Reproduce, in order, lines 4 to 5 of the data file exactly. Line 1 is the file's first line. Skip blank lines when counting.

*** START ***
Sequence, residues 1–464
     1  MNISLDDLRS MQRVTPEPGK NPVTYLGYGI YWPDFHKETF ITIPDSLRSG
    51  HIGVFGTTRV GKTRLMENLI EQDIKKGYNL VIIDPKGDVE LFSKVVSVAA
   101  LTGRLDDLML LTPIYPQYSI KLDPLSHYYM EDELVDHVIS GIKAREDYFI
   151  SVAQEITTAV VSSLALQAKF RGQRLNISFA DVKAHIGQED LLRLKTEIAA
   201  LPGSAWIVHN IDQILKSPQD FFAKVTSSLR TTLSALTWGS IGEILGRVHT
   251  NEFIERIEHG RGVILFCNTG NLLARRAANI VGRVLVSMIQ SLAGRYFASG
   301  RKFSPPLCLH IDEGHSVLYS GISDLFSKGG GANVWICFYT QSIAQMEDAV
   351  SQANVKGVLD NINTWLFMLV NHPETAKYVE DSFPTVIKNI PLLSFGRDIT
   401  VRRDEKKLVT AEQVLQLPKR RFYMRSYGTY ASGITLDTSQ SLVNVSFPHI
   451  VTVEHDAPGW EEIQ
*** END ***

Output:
   101  LTGRLDDLML LTPIYPQYSI KLDPLSHYYM EDELVDHVIS GIKAREDYFI
   151  SVAQEITTAV VSSLALQAKF RGQRLNISFA DVKAHIGQED LLRLKTEIAA